Highlights from the 2013 reader survey of over 2000 participants plus a link to the full report. This was the second reader survey I conducted. There are surveys from 2012, 2013, 2015 and 2018 as well as a survey of WWI reading conducted in 2017.
Today I’ve assembled a group of readers’ perspectives on the power of fiction. In a future post, I’ll include comments from readers who are also authors. Please add your thoughts to the discussion!
Mary Ann who is 58 and has lived in different parts of the world:The power of fiction, in my opinion, is that no matter what kind of day I’m having or what other concerns I may have, I can always pick up a book and if the author does a good job, be whisked away into another person’s world. I can vanish for as long as I care to and know that when I have to return to everyday life, my book friends are still waiting.
Anne from Yorkshire, UK reads more than 350 books a year: Without question it is escape. I live other lives and experience so many things that are not part of my life and which allow me to escape from my own life –not that my own life is at all difficult.
Adam, a Canadian in his mid-thirties: The greatest power of fiction is to push the boundaries of the real to give the reader a chance to imagine. I suspect that creates real opportunities for empathy. It’s also a great diversion, and a way to portray ideal worlds, or worlds that are broken in specific ways.
Wendy who is from the UK and loves historical fiction: An ability to ‘escape’, if only briefly, from the day to day trials and tribulations. In my own case, the past five years have been the most stressful of my life. The hours I spent sitting by my husband’s bedside and then later when I had to come to terms with being alone after 43 years of marriage were only just bearable because I could lose myself in a book. In the case of my love of historical fiction – I am within travelling distance of so many wonderful historical sites and visiting them with my grandchildren is a great source of interest and delight.
Jane who is 75 and lives in Mexico: I think fiction allows us to experience what we have not personally lived, builds understanding, empathy, historical perspective, gives us pleasure and defeats loneliness.
Paul who is 48 and lives in Dorset: Fiction has the ability to tell the world of significant moments and peoples lives.
Joanne who lives in Essex, UK:Fiction allows the reader to travel to distant places, other time periods, imaginary worlds and all without leaving their own home. It can take your mind off your own troubles, make you laugh, cry and more.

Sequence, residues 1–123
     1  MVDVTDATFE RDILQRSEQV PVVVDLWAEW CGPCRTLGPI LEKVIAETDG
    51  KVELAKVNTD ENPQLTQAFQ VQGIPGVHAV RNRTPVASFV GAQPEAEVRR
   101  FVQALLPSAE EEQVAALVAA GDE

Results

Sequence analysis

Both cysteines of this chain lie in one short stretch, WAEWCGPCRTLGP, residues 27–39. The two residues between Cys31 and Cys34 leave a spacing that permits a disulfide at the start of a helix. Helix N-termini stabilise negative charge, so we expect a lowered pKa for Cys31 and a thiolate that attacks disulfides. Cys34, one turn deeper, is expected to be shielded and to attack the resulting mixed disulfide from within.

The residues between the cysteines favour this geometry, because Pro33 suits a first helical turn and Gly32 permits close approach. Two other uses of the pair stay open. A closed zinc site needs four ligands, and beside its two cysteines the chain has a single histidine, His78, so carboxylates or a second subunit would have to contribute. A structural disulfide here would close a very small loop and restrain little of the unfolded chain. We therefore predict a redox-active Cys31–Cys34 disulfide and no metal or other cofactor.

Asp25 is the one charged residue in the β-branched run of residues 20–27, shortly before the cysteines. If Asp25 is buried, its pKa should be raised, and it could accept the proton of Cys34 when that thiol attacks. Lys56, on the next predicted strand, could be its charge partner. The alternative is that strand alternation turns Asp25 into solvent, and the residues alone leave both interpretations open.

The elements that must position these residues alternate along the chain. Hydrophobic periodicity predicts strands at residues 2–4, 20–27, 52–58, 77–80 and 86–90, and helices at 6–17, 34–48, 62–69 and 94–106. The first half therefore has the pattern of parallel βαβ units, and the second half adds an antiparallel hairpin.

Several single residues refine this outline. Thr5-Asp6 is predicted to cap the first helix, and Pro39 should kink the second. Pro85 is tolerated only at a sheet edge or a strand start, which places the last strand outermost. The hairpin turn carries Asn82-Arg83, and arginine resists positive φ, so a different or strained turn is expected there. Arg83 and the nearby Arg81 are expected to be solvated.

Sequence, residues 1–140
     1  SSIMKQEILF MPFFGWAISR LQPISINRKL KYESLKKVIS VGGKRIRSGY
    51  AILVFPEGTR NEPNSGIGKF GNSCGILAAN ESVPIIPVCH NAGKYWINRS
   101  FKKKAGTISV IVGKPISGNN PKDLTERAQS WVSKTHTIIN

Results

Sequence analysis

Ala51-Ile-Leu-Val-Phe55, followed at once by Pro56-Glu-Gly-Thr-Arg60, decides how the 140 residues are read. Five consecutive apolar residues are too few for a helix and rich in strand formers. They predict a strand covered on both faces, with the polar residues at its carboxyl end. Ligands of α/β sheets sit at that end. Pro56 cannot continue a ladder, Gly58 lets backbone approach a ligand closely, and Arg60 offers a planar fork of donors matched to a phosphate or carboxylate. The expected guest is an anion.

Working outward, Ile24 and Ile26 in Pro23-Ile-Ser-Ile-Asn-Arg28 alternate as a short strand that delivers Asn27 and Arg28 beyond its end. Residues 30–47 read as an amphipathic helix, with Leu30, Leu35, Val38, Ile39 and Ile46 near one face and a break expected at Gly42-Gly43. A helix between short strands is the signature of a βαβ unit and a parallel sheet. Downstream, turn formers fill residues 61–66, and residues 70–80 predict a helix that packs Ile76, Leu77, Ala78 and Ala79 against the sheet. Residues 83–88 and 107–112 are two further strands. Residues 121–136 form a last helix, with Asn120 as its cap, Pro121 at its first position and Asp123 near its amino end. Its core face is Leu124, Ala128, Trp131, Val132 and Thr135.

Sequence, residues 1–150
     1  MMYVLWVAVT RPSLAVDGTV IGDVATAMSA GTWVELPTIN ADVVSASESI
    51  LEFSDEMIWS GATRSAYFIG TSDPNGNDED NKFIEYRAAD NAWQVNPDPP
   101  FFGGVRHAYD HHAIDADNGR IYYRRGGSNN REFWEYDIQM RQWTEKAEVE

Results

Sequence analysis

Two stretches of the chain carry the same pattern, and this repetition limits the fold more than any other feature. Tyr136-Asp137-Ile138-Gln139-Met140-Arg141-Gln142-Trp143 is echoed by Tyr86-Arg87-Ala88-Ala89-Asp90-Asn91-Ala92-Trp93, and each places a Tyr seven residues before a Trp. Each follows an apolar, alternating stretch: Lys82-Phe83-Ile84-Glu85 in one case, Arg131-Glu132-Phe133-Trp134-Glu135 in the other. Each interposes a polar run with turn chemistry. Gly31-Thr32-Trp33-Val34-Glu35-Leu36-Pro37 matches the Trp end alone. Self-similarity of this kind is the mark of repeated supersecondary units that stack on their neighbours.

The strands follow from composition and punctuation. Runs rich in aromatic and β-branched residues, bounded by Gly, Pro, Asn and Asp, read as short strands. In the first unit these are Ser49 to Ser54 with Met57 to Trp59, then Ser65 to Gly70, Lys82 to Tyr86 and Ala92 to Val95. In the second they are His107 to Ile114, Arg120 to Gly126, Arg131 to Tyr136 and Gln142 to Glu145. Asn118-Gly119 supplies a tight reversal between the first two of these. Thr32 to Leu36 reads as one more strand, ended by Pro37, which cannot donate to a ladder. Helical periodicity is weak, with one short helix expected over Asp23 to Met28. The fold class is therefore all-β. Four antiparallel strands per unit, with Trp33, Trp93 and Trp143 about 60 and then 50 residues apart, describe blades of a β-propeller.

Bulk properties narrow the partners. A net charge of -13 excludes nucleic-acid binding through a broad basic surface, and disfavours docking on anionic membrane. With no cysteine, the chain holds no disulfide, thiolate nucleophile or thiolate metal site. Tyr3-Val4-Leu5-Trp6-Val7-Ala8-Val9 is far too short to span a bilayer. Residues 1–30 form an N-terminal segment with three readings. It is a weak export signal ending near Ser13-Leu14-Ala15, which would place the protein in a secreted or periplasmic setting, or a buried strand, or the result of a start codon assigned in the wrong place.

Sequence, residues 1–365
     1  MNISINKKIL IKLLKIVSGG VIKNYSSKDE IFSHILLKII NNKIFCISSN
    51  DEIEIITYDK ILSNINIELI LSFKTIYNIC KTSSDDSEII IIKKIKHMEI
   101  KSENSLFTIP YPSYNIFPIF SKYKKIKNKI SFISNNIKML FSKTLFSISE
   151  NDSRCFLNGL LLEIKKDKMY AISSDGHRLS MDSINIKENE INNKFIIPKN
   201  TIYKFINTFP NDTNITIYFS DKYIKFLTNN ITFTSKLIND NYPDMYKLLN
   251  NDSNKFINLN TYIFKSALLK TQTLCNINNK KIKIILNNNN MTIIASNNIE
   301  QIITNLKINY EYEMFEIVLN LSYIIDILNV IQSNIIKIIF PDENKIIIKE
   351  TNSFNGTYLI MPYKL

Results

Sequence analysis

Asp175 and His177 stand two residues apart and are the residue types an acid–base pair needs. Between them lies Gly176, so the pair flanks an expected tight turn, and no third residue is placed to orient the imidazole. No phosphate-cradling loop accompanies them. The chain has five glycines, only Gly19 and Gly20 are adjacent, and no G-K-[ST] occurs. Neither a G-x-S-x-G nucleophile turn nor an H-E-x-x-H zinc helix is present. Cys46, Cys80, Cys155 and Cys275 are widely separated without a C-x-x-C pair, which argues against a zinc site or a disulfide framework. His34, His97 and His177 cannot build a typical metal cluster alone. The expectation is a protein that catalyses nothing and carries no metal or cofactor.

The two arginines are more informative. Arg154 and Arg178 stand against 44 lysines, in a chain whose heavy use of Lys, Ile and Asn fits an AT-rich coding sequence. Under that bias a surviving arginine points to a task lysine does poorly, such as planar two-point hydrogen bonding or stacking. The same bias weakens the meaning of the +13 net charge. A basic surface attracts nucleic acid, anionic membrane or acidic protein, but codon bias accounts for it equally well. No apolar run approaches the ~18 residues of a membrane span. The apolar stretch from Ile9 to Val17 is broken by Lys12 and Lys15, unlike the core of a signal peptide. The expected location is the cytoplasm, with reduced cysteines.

Sarah who lives in California and has been in the tech industry as well as holding an MLIS: Fiction can take more risks because it’s not hinged on real world consequences or rules.
Mary, a 17-year-old from Australia: The power to forgot Earthly struggles once in a while and just read.
Pat who lives in the US and is addicted to books: A place to travel to other countries, eras, worlds (I do read some sci-fi), a way to relax, I love history and books take me back in time.
I’ve dug into responses from readers on the topic of why they are reading more or less than in the past. A little over 1000 people chose to comment on the topic. So here’s the original chart and a new chart showing reasons.
Are you reading more or fewer books than in the past:
Reasons for a change in reading habits:
By way of explanation (start at the top of chart and work clockwise):
Book Club – a number of readers said they are reading more because they’ve joined a book club.
E-books are easier – many readers are reading more because of e-readers AND audio books. A number of readers say they love audio books because they can read while doing something else.
Fewer good books – some read less because they find fewer good books to choose from
Life changes – sadly, some of these are readers are experiencing health problems that prevent them from reading as much as they did in the past.
More social media – these are readers who are spending time on social media instead of reading books.
More time/Retirement – relatively self explanatory except to say that many readers have more time because their children are getting older 🙂
Other options – these are readers who mentioned doing other activities that have displaced reading in the way they spend their time.
Review books – a number of readers are reviewing books and/or have started their own book blog and hence are reading more.
SM gives ideas – some readers mentioned social media facilitates reading as a source of book related information and recommendations
Too busy – many readers cite jobs and young children as a reason their reading is less than in the past
I don’t think there are too many surprises here although it’s interesting to see them categorized.
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